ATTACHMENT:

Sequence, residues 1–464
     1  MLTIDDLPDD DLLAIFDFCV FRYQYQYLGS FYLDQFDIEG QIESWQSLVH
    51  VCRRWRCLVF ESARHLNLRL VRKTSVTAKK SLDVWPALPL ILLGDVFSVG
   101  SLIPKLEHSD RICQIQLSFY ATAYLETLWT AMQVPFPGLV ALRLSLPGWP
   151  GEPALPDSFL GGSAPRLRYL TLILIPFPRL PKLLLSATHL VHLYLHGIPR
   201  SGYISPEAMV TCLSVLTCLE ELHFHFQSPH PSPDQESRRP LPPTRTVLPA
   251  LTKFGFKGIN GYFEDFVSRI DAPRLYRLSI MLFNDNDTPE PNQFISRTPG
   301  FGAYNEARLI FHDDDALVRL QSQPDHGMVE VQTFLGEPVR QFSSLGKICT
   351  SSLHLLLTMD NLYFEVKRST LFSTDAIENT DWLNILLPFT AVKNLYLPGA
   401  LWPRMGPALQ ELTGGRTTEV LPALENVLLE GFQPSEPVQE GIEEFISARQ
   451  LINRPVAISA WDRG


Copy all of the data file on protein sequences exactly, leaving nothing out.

Sequence, residues 1–464
     1  MLTIDDLPDD DLLAIFDFCV FRYQYQYLGS FYLDQFDIEG QIESWQSLVH
    51  VCRRWRCLVF ESARHLNLRL VRKTSVTAKK SLDVWPALPL ILLGDVFSVG
   101  SLIPKLEHSD RICQIQLSFY ATAYLETLWT AMQVPFPGLV ALRLSLPGWP
   151  GEPALPDSFL GGSAPRLRYL TLILIPFPRL PKLLLSATHL VHLYLHGIPR
   201  SGYISPEAMV TCLSVLTCLE ELHFHFQSPH PSPDQESRRP LPPTRTVLPA
   251  LTKFGFKGIN GYFEDFVSRI DAPRLYRLSI MLFNDNDTPE PNQFISRTPG
   301  FGAYNEARLI FHDDDALVRL QSQPDHGMVE VQTFLGEPVR QFSSLGKICT
   351  SSLHLLLTMD NLYFEVKRST LFSTDAIENT DWLNILLPFT AVKNLYLPGA
   401  LWPRMGPALQ ELTGGRTTEV LPALENVLLE GFQPSEPVQE GIEEFISARQ
   451  LINRPVAISA WDRG